South Hills lab makes tools to test carbon capture
Using technology developed at a federal energy laboratory in Pittsburgh's South Hills, scientists were able to track whether carbon dioxide stored underground escaped and mixed with atmosphere's greenhouse gases, a federal researcher said.
Scientists were able to improve detection of carbon dioxide in underground storage by using ultrasensitive instruments to detect tracers added to the gas, said Brian Strazisar, a scientist at the National Energy Technology Laboratory in South Park. The movement of carbon dioxide — tested at a New Mexico pilot project — could be followed with the instruments developed at the lab in South Park.
Capturing carbon dioxide from pollution sources such as coal-fired power plants and factory smokestacks and storing it underground is seen as one way of reducing emissions that some scientists say are linked to global warming.
"We're leading the carbon capture and sequestration program for the whole federal government," said David Anna, a spokesman for the National Energy Technology Laboratory at South Park.
The lab administers $150 million spent annually to develop technology, infrastructure and regulations to implement large-scale projects to store carbon dioxide in coal, natural gas, oil and saline rock formations in the U.S. and Canada, the Department of Energy said.
From the lessons learned at the New Mexico site, researchers can determine whether carbon dioxide, with the tracers added, is seeping from where it is stored underground, said John Litynski, coordinator for partnerships working on carbon capture and storage.
"We can tell the difference between the natural carbon dioxide (in the atmosphere) and the injected" carbon dioxide, Strazisar said. That would help to eliminate some of the uncertainty surrounding carbon capture and sequestration, he added.
One of the instruments developed for the program won a R&D Magazine Top 100 award for inventions in 2009, and a patent is pending, Strazisar said. The special instruments can find the tracers underground in amounts as low as four parts per quadrillion.
"It will help us better understand where carbon dioxide is moving underground when we inject it," said Sean McCoy, manager of the Carbon Capture and Sequestration Regulatory Project at Carnegie Mellon University in Oakland. McCoy was not involved in the project in New Mexico.
The partnerships have implemented at least 25 small-scale geologic storage test sites, which are designed to demonstrate the potential to store thousands of years worth of carbon dioxide emissions underground, the Energy Department said.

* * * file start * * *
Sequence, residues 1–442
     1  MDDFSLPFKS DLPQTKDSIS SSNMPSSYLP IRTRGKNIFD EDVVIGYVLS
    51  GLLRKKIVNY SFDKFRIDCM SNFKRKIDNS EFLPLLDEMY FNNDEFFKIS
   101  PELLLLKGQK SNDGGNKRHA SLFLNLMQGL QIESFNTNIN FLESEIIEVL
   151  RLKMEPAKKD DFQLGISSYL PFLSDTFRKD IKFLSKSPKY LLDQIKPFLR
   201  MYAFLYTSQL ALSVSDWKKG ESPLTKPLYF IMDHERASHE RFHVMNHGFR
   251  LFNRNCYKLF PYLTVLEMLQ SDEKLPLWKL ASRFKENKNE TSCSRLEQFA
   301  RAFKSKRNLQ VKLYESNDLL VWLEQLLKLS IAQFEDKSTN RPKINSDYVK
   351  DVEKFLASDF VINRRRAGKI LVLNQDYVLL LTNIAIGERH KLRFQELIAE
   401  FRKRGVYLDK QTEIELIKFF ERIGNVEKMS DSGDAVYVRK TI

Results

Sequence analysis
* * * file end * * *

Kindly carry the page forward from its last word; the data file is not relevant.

There are no carbon storage sites in Pennsylvania, Strazisar said, but there are two in Ohio: near Cincinnati and south of Shadyside, which is about eight miles south of Wheeling, W.Va.
Show commenting policy
TribLive commenting policy
You are solely responsible for your comments and by using TribLive.com you agree to our Terms of Service.
We moderate comments. Our goal is to provide substantive commentary for a general readership. By screening submissions, we provide a space where readers can share intelligent and informed commentary that enhances the quality of our news and information.
While most comments will be posted if they are on-topic and not abusive, moderating decisions are subjective. We will make them as carefully and consistently as we can. Because of the volume of reader comments, we cannot review individual moderation decisions with readers.
We value thoughtful comments representing a range of views that make their point quickly and politely. We make an effort to protect discussions from repeated comments either by the same reader or different readers.
We follow the same standards for taste as the daily newspaper. A few things we won't tolerate: personal attacks, obscenity, vulgarity, profanity (including expletives and letters followed by dashes), commercial promotion, impersonations, incoherence, proselytizing and SHOUTING. Don't include URLs to Web sites.
We do not edit comments. They are either approved or deleted. We reserve the right to edit a comment that is quoted or excerpted in an article. In this case, we may fix spelling and punctuation.
We welcome strong opinions and criticism of our work, but we don't want comments to become bogged down with discussions of our policies and we will moderate accordingly.
We appreciate it when readers and people quoted in articles or blog posts point out errors of fact or emphasis and will investigate all assertions. But these suggestions should be sent via e-mail. To avoid distracting other readers, we won't publish comments that suggest a correction. Instead, corrections will be made in a blog post or in an article.
- Apollo-Ridge hires physics teacher
- Route 28 accident victim suffered ‘moderate’ injury; expressway reopens after 5.5 hours
- Mt. Pleasant Little League set for sectionals
- Donora out to rescue school building
- Charleroi council mulls Coyle takeover
- Highmark to switch its workers to high-deductible insurance plans
- King of Outlaws Kinser seeks crown in return to Lernerville
- Chinese hackers crack database of federal workers, contractors
- Volquez goes distance as Pirates roll to victory over Cardinals
- Bayer produces blast-resistant safety glass for U.S. embassies
- BeeGraphix pulls off Grebb League upset